I want to be very clear: I oppose illegal immigration, and everything else that is illegal. We must secure our borders and the federal government is irresponsible in not doing so. Every single bit of immigration policy becomes much simpler once we secure our borders and put an end to illegal immigration. We must also not allow so-called sanctuary cities to defy our nation’s laws and we must vigorously vet every potential immigrant. Failing to do that is irresponsible.”

Nelson-Scott in the crystal ball

Florida’s 2018 U.S. Senate contest still leans towards the Democratic incumbent, but that could change depending upon when — not if — Gov. Rick Scott jumps into the race, according to seers at the University of Virginia’s Center for Politics.

Here’s the latest summary of the contest from the school’s weekly online political newsletter called Sabato’s Crystal Ball released Thursday:

Even though Sen. Bill Nelson (D-FL) is a proven vote-getter, Democrats are deeply worried about the likely candidacy of outgoing Gov. Rick Scott (R). There are two ways of looking at the potential Nelson-Scott matchup.

The first is that while Nelson has won his last two races by convincing margins, Scott barely squeaked by in his two victories in 2010 and 2014, failing to win a majority of the vote either time in what were optimal Republican years and despite dramatically outspending his rivals thanks to his immense personal wealth.

That’s the pro-Nelson view.

The pro-Scott view is that his personal largesse, combined with that of pro-Republican outside groups, could overwhelm the combined Democratic effort, and that Scott is arguably more appealing now than he was in 2010 and 2014 (Morning Consult pegged his approval recently at a decent 52%) and a more formidable Nelson opponent than the incumbent’s weaker challengers in 2006 and 2012.

Nelson is favored for now but this could be a Toss-up in the future.

One danger for Republicans is that if Scott decides to not get in, they may be without a backup plan, although the GOP bench in the state is strong. And it seems like the main question for Scott is not if he runs, but when he announces.

By Jim Turner

Scott gleeful about Georgia election as referendum on fellow Florida-man Trump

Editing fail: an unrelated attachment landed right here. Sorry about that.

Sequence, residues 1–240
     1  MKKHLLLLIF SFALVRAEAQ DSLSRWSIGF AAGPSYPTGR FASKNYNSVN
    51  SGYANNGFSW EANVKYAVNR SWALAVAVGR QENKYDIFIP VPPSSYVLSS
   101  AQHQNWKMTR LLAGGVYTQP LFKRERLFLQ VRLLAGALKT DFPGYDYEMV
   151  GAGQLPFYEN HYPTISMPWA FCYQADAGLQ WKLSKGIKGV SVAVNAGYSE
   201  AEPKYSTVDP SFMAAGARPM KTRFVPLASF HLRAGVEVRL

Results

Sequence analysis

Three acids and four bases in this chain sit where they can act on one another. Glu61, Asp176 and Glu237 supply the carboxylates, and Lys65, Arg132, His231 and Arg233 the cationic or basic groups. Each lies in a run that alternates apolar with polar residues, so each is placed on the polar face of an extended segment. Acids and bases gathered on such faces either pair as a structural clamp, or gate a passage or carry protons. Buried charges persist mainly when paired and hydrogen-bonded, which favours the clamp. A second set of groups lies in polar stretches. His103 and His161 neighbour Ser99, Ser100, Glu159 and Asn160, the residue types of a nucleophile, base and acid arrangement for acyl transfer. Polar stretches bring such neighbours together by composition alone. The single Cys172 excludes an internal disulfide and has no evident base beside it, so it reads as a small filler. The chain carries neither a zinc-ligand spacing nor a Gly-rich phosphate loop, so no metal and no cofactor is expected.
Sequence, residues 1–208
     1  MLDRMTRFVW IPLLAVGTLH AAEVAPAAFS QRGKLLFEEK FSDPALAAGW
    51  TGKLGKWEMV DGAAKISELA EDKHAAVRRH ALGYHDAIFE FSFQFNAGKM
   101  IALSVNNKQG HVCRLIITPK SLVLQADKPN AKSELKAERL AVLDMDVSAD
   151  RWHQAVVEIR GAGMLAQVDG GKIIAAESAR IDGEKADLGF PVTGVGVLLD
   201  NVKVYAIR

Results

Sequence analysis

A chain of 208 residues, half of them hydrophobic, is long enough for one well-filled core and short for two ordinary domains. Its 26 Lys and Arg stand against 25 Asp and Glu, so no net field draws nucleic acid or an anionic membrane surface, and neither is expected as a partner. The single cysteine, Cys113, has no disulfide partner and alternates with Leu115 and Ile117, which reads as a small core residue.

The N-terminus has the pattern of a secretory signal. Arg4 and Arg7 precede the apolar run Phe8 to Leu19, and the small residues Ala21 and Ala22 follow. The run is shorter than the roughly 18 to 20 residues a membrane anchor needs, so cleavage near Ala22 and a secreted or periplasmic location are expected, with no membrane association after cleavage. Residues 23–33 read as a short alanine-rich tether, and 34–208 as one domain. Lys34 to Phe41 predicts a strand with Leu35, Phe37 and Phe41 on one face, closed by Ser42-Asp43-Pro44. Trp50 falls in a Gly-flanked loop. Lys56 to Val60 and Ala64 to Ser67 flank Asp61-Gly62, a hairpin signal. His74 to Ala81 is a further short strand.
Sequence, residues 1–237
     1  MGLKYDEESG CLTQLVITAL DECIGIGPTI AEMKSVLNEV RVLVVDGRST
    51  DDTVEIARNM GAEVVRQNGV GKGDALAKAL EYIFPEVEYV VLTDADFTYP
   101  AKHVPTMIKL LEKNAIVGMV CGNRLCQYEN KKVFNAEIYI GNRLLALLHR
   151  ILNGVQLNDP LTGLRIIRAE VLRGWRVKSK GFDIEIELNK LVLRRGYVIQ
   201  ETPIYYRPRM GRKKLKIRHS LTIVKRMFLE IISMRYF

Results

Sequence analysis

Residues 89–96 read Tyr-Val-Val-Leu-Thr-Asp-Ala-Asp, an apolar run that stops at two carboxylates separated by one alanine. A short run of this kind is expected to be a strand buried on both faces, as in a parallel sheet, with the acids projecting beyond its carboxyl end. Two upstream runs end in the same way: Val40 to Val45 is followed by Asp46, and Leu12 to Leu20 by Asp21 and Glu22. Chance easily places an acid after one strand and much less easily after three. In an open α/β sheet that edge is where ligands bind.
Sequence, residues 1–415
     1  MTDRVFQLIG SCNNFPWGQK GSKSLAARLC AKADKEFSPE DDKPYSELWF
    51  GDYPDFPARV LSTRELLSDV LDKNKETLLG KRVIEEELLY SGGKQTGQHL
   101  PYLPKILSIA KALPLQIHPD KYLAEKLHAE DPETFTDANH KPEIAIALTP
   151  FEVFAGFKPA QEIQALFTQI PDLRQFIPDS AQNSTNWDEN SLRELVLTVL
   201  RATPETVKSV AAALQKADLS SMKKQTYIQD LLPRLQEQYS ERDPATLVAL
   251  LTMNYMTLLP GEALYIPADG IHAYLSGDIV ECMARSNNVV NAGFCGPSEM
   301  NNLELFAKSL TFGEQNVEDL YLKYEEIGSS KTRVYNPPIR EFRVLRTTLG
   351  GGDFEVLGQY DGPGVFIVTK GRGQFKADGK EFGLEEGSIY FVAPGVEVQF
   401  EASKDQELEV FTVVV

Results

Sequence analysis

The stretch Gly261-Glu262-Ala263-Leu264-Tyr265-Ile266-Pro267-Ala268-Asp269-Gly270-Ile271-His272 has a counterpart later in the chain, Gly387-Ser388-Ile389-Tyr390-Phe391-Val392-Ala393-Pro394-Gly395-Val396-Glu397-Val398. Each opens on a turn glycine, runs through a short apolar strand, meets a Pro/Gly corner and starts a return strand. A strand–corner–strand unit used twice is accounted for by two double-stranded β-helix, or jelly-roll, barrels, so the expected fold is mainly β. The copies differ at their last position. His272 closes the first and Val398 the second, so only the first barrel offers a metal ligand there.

All of those who are completely over the Georgia special election can stop reading here.

But for the rest of us, here’s what Florida Gov. Rick Scott had to say about the face-off that was viewed by many to be a referendum on Scott’s pal, President Donald Trump.

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Appearing on FOX Business show Varney & Co. Wednesday, Scott echoed those hyping Republican Karen Handel’s victory in the most expensive congressional race in history.

Watch the latest video at video.foxbusiness.com

Handel’s 6th Congressional District win was a victory for Trump, Scott crowed.

“It shows you that it doesn’t matter how much money you have. If you have a bad message, you lose,” Scott, who spent at least $70 million of his own money in his 2010 gubernatorial bid, said.

 Trump’s message of “jobs and repealing and replacing Obamacare” — themes the Florida governor, mulling a run for the U.S. Senate next year, has hammered on — resonated with voters, Scott indicated.

Scott also tried to slip this week’s job-poaching trip to Connecticut into the conversation focused on national politics. And he also addressed the New Republic super-PAC, which he chairs, that seeks to rebrand the Republican Party in Trump’s image.

 “If you look at what we should be talking about, we ought to talk how Americans talk,” Scott said. “They’re not talking about liberal vs. conservative. They’re talking about, ‘I want an open government. I want choices. I want choices in my education. I want choices in my health care.’ That’s how Trump talked.”

 New Republican’s focus is on cutting regulations, targeting young voters and winning Hispanic voters.

Referring to the latter, Scott told FOX that Cubans in South Florida are “all on board” with the president’s Cuban policy introduced Friday in Miami. The new policy aims to reverse many of the actions of former President Barack Obama designed to open up thaw relations with the island country.

“The Cuban people know that you can’t help the Castro regime,” Scott said Wednesday. “It doesn’t work. There is nothing that Obama did that helped give freedom, democracy.”